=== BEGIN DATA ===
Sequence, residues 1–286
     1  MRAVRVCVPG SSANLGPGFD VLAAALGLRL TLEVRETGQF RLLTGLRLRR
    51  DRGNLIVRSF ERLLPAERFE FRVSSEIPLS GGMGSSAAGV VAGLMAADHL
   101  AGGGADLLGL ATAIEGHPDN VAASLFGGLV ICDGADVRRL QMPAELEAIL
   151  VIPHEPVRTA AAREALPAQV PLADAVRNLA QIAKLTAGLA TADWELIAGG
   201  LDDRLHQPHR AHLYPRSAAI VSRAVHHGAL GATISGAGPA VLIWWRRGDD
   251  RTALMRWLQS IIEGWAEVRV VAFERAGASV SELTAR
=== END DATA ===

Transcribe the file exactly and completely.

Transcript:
Sequence, residues 1–286
     1  MRAVRVCVPG SSANLGPGFD VLAAALGLRL TLEVRETGQF RLLTGLRLRR
    51  DRGNLIVRSF ERLLPAERFE FRVSSEIPLS GGMGSSAAGV VAGLMAADHL
   101  AGGGADLLGL ATAIEGHPDN VAASLFGGLV ICDGADVRRL QMPAELEAIL
   151  VIPHEPVRTA AAREALPAQV PLADAVRNLA QIAKLTAGLA TADWELIAGG
   201  LDDRLHQPHR AHLYPRSAAI VSRAVHHGAL GATISGAGPA VLIWWRRGDD
   251  RTALMRWLQS IIEGWAEVRV VAFERAGASV SELTAR